A plurality of supersonic transducers 30 comprising a piezoelectric material, magnetostrictive material or the like are positioned interiorly of the container it) is spaced relation therewith and circumferentially arranged therein. While there are illustrated a plurality of transducers, it Will be readily appreciated one may be used as well. Furthermore, the transducer may take the form of a unitary circular or annular member. The emission surface of the transducer may be flat as shown in the drawing or may be concave, depending on how one might want to focus or direct the vibrational energy derived from the transducer during the operation thereof. Two ultrasonic transducers 30 are shown for convenience of illustration as being mounted on support members 31 at an angle with respect to the long axis of container lit so that the ultrasonic vibrational energy is directed radially inwardly and generally upwardly, whereby the energy is concentrated in and directed to the vicinity where the polymer chips are initially melted by contact with the aforesaid heating unit.

An ultrasonic generator 32 or like high frequency power producing means is suitably connected with the transducers 30 such as by electrical conductor 34-. Lines 36 are the illustrated power supplying means for generator 32.

A preferred material from which the ultrasonic piezoelectric transducers are molded or manufactured is polycrystalline barium titanate. This material has the electromechanical property of expanding in the direction of polarization when the signal voltage applied to the material is of one polarity and contracting at reversal of the signal voltage. The material is contracted in a direction transversely of the field of polarization when the material is expanded in the direction of the field. Materials other than the barium titanate such as a quartz crystal can be used to accomplish the same purpose. As indicated above, magnetostrictive material including such metals as iron, nickel and cobalt and certain magnetostriotive alloys may be used as the transducer material. Ultrasonic energy as employed herein is readily derived by employing frequencies in the range of several thousands to more than a billion cycles per second. High frequency generators are readily available on the market for production of power in frequencies of this range and may be readily used with the piezoelectric and magnetostrictive transducers described herein for the practice of the present invention.

The melt-spinnable polymers to whose melt ultrasonic energy is applied in accordance with the present invention generally includes any suitable substance that can be melt-spun. As examples of fiber-forming synthetic thermoplastic polymers capable of being melt-spun the following may be mentioned: polyethylene; polypropylene; polyurethanes; copolymers of vinyl acetate and vinyl chloride; the copolymers of vinylidene chloride and a minor proportion of vinyl chloride; linear polyesters of aromatic dicarboxylic acids and dihydric compounds, such as polymeric ethylene terephthalate and the polyester derived from the terephthalic acid and bis-1,4-(hydroxymethyl) cyclohexane; linear polycarbonamides such as, for example polymeric hexarnethylene adipamide, polymeric hexamethylene sebacamide, polymeric monoamino carboxylic acids, such as polymeric -aminocaproic acid; and other fiber-forming thermoplastic polymers. Mixtures of such fiber-forming synthetic polymers also can be fused. The process of this invention is applicable particularly for the treatment of polymers generically referred to as nylon, including nylon-66, nylon-4, nylon-6, nylon- 610, nylon-ll, and their fiber-forming copolymers, e.g., 6/66, 6/610/66, 66/610, etc. 7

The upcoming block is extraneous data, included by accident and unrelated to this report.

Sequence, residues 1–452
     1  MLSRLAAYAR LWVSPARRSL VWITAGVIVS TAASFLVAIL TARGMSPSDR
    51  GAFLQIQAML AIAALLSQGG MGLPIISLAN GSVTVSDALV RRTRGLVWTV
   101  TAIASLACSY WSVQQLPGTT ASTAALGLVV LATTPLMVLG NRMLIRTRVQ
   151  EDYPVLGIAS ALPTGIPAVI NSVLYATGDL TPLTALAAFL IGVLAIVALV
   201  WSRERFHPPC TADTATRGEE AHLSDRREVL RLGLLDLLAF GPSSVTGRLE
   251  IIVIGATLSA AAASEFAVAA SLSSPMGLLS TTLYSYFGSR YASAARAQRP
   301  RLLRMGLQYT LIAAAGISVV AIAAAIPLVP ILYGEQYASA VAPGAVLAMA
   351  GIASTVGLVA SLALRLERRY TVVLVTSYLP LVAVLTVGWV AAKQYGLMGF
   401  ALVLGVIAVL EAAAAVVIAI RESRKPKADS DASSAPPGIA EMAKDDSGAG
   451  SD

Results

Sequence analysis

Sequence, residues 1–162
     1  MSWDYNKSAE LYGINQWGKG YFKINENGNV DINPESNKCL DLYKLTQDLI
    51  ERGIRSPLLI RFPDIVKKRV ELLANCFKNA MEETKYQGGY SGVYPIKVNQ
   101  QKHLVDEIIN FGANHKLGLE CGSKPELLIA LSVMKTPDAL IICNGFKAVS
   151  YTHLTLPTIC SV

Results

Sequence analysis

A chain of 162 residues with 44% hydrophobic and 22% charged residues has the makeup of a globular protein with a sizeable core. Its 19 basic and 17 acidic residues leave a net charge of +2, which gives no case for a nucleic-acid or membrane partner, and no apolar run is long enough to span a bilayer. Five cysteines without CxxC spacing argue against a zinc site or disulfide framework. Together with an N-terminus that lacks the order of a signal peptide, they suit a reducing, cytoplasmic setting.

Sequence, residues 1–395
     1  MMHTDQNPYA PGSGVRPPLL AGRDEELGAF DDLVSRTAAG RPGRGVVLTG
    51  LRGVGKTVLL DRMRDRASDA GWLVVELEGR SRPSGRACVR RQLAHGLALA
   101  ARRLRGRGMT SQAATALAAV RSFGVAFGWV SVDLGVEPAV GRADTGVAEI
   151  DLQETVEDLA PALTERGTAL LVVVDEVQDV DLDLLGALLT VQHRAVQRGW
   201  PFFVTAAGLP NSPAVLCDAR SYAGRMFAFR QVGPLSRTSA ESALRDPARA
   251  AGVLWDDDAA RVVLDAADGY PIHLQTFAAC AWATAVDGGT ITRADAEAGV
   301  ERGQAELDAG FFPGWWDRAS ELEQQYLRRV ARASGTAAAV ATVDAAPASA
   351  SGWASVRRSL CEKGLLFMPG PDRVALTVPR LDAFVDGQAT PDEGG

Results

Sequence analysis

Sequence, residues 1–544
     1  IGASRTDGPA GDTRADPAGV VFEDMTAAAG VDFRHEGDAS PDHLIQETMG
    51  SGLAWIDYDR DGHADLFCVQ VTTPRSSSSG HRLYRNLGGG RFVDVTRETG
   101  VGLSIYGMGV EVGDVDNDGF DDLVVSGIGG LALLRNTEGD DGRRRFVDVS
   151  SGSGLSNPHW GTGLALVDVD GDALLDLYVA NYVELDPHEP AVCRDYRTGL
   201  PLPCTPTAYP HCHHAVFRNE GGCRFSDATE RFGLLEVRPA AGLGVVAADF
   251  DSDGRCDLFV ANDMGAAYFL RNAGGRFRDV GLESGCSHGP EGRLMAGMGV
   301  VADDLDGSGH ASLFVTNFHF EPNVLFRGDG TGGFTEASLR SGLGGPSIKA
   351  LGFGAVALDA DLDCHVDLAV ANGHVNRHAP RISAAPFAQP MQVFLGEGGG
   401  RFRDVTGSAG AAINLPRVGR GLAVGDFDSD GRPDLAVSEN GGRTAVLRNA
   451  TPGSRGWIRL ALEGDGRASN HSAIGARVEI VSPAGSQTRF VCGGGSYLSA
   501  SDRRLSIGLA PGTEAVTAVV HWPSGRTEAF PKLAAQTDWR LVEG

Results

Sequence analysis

It is now apparent that the present invention provides a novel method for melting thermoplastic polymers and treating the melt thereof by means of ultrasonic compressional Waves, whereby gel formation and accumulation are minimized. The vibrational energy treatment results in polymer uniformity and improved quality of filaments, fibers and films formed from the treated polymer. Another advantage derived from using ultrasonic equipment of this nature is that the melt chamber may be used for a more extended period of time without cleaning. Melt-spinning devices conventionally used without substantial modification thereof can be conveniently altered to practice the present invention without incurring a great expense. The use of ultrasonic vibrational energy during the melting of melt-spinnable pol mers provides numerous other advantages.

While the invention has been described in terms of preferred embodiments thereof, it is to be understood that variations from the details disclosed herein might be made Without departing from the scope and spirit of the invention. Accordingly, the invention is to be limited only by the claims set forth hereinafter.

What is claimed is: